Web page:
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Sense of Place: Smoke Perfume

We talk with Kathleen of Smoke Perfume about her upbringing and journey into wholistic healing, artisan perfumes, and blending them both.

Photo: Michael Tucker

We talk with Kathleen of Smoke Perfume about her upbringing and journey into wholistic healing, artisan perfumes, and blending them both.

Where are you from originally, and what’s your story?

I'm from Belize originally, and moved to the Mississippi Gulf Coast when I was twelve, which is where my dad is from. After I graduated high school I moved to Arizona where I attended college at Prescott College, and then massage school in Tucson. I moved to New Orleans nearly ten years ago to be closer to family, and it's here that I've grown my private bodywork practice and launched Smoke Perfume.

What was it like growing up there and how has that influenced your work?

Growing up in Belize was magical and expansive. I had a strong connection to nature, and spent a lot of time outside as well as exploring the country with my family. Everything was so fresh there — from the food, to living sans AC or commercial chain stores. There was a strong sense of community both culturally, and we grew up on a family compound with my grandparents and cousins all close by. Everything about my time there, from the tropical temperatures and vibe to the smell, is infused into my cells and influences me daily. It's a part of who I am, a sense of place, nostalgia, and home that is who I am. It's hard to explain how it's influenced my work, but I do think growing up there fostered my creativity, and my creativity is a huge part of my work today!

Kathleen at her home in New Orleans

“Growing up in Belize was magical and expansive. I had a strong connection to nature, and spent a lot of time outside as well as exploring the country with my family. Everything was so fresh there — from the food, to living sans AC or commercial chain stores.”

How did you get into fragrance in the first place?

I've always had a strong sense of smell, and been drawn to scent, but in my twenties I got really obsessed with the idea of finding a “signature scent”. I embarked on a journey of discovering my scent amongst commercial perfumes. This ultimately led me to Tom Ford's brilliant line, which became a huge inspiration as I feel like he was an early adopter of gender neutral fragrance. At the same time, I was a new massage therapist and was using essential oils in my work with aromatherapy. I began experimenting with custom blends for myself and my clients. I've always enjoyed cooking, painting, combining medium, so combining scents was pretty natural. One day it clicked, and I landed on the blend that would become Smoke...it all grew organically from there!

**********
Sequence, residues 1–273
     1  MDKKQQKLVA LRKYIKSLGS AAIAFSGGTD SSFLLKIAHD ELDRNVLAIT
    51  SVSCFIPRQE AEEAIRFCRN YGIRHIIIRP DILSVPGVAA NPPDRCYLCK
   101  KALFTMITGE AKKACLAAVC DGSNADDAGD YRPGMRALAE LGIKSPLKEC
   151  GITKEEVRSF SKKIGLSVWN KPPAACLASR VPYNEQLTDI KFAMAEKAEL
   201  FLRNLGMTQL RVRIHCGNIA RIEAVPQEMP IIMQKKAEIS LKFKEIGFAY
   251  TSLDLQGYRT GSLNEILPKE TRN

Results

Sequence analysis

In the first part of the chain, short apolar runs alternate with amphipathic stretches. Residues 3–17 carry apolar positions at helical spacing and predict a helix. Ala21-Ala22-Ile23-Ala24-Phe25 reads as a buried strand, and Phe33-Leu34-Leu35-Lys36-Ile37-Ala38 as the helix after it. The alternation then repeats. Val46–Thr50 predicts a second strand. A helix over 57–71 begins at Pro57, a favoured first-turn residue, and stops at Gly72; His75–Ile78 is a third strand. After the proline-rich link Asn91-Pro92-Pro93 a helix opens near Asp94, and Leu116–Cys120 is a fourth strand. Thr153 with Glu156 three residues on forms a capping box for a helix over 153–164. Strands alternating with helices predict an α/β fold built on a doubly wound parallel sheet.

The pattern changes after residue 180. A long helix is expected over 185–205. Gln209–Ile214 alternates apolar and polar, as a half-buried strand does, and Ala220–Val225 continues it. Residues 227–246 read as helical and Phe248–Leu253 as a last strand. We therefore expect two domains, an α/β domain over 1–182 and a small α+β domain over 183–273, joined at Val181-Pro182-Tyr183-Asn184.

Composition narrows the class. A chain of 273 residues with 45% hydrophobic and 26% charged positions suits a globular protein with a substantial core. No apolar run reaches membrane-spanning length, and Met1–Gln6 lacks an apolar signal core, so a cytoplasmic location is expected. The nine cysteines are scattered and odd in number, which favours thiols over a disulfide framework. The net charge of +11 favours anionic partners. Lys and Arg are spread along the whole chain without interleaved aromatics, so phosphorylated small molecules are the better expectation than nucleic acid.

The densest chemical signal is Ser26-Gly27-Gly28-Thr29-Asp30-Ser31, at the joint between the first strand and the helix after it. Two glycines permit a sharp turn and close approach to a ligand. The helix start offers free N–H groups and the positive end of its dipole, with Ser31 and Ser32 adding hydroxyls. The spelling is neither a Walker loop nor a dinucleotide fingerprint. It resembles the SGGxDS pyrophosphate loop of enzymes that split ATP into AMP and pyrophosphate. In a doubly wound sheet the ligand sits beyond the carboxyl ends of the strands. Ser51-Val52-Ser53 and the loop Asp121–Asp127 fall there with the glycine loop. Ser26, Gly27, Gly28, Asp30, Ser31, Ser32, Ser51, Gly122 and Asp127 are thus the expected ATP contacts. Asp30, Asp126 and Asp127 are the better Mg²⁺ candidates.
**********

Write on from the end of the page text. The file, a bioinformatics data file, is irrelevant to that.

When and how did you start Smoke Perfume? What is it that compels you to continue growing it?

Once I landed on the blend of Smoke, I scaled it up and began pursuing launching it as a product in earnest. I had no real ideas beyond just wanting to launch the one scent as a fun and interesting project. After years of touch and go, I finally launched with one scent in February 2013, and it has continued to organically grow since then. One thing that compels me to grow is using the company as a platform for my various interests. For example, I went on to take an herbalism course, and that inspired new products. So it's the fun part of launching new products that I believe in, seeing other folks enjoy them brings a lot of satisfaction.

What is it about New Orleans and the region that makes you wanna be here?

It's great being close to family, and now I feel deeply rooted here. My businesses are based here and feel established here, and my partner (who is also born and raised here) and I continue to grow a life together here. I once had a love-hate relationship with New Orleans, but approaching my tenth year here has felt extremely inspiring! My dad's family has been here since the 1840's and my mom's Belizean family has a strong connection to New Orleans, so it feels literally in my blood and bones to build a life here. I feel like New Orleans is a good home base for me, and has a lot that feels right for me from the size to the culture, and even the humidity! There's an ease here that feels natural to me.

How have you found the community that you have here? What can you tell us about the people you are surrounded with and the support you share with them?